[Back] [Forward] [Contents] [Home] Case Study 3: Ratios between platter forms Drag. 15/17 and 18

The platter or plate forms Drag. 15/17 and 18 are familiar forms of the middle and later first century AD. They were contemporary, but through the latter half of the first century the 15/17 is known to become less frequent amongst assemblages while the 18 remains a prominent form. Millett notes that the ratio of these two La Graufesenque forms at Cirencester, in the well known fort ditch deposit of c. AD 55-65, is 1:1 (Millett 1993b; Wacher and McWhirr 1982; though it might be relevant to bear in mind that this could be a structured deposit (cf. Willis 1997a)), while at Fishbourne c. AD 70 the ratio is 1 15/17 to 4.4 Drag. 18s. To take these two samples in order, in the case of the early and middle Neronian period, the database assembled for this project (see Tables 80 and especially Table 81) suggests that generally at this time the Drag. 18 is 30% more common than the 15/17, with ratios of c. 1:1.3. The database assembled for this project (Table 80 and Table 81) shows, though, that at around AD 70 the Drag. 18 is approximately 4 times more frequent than the Drag. 15/17, and thus there is agreement in this case with the Fishbourne sample (compare SGLG 15/17 with SGLG 18). Data on the relative frequency of these two platter forms at the fort at Zwammerdam, c. AD 47-69, is consistent with the evidence in the database (Haalebos 1977). This relative decline in the frequency of 15/17 compared to the form 18 was noted by Jo Groves in her study of the pottery from Leadenhall Court, London (1993, 126). Hence the ratio of form 15/17 to form 18 is likely to be a good indicator of the approximate date of a group in the second half of the first century. Case Study 4: Ratios between Drag. 18/31 or 18/31R dishes and Drag. 31 (dish) or 31R (bowl) in the second century

These types are, potentially, further good chronological indicators as they were evidently successive (cf. Webster 1996). The 18/31 dates principally to the period c. AD 100-150, the 31 to c. AD 150-200+; likewise the 18/31R dates from c. AD 100 to 160, the 31R from c. AD 160-200+. The relative proportions of these forms within second century groups are likely therefore to represent a chronological index for that era.

Dickinson examined the relative frequency of these types amongst the assemblage from Ribchester 1980/1989-90, and ascertained that the ratios of forms 18/31 to 31 and 18/31R to 31R were 28:20 and 6:1. This was taken to indicate an emphasis amongst the assemblage on the Hadrianic and early Antonine periods (Dickinson 2000a, 204; see Table 4). In this case, in itself, this samian information might mean that there was lower intensity of occupation during the period associated with the Drag. 31 and 31R (ie. from c. AD 150/160), or that occupation ceased at some time not long after c. AD 160.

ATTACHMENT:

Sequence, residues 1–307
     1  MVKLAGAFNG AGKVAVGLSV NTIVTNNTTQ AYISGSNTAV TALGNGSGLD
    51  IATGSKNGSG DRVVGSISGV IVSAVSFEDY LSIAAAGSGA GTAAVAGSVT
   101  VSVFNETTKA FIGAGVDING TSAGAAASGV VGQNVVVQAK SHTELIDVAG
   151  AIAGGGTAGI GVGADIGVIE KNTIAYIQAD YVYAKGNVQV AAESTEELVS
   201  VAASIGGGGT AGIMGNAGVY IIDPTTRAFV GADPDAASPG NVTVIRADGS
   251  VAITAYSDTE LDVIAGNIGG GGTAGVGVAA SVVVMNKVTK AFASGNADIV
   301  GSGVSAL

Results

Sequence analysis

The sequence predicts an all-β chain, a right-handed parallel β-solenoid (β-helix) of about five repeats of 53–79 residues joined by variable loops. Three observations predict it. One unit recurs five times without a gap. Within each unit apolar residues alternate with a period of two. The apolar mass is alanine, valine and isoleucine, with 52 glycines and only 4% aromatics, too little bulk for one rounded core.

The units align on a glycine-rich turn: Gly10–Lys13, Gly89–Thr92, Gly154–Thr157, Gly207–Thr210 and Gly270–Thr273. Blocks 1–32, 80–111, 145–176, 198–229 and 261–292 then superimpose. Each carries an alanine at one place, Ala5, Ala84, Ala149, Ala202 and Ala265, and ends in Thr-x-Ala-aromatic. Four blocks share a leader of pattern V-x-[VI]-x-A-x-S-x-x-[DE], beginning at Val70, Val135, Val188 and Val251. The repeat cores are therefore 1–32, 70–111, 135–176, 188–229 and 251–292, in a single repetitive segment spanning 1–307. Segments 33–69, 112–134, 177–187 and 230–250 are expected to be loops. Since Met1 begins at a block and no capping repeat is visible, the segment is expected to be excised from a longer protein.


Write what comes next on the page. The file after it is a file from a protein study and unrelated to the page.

Similarly, in her examination of the samian from Alchester, 1991, Dickinson presented data on the ratios of forms 18/31 to 31 at Sites B and C drawing on the assemblage as a whole (not by phase). The ratios were 18/31 to 31, 1:6.6 at Site B, and 1:3.75 at C (Dickinson 2001d). Dickinson states that the emphasis of the site collection is therefore on: "the second half of the 2nd century" (2001d, 277-8). (In this case no data of this kind is presented by phase). The database assembled for this project (cf. Table 80 and Table 81) suggests that this order of difference in the frequency of the forms begins c. AD 175 which tallies with Dickinson's observation. Evaluation of the method

The composition of pottery groups by form can, of course, be a dating index. This project has aimed to establish the character of ratios between individual samian form types as a guide to assist dating. In effect the database produces a 'master-index' for the relative frequency of samian form types within archaeological deposits over time. This can be used as an index for dating site groups. Some 'good indicators', in terms of specific forms, such as the cups Drag. 27 and 33 were examined and shown to have clear trends which may be used as an index for dating. The case study examples demonstrate the utility of the method. Other pairs of forms/types may be a useful guide (eg. Drag. 24/25 to 27 for the first century AD). The data assembled are also presented via the ADS archive for downloading so that the non-specialist can extract specific types by year or years and compare their own groups with the form ratios of the database, thus providing a guide towards a confident 'close' date for recovered samian groups which can be fed into the chronological framework of archaeological projects. This method thereby represents a supplementary means of dating samian.

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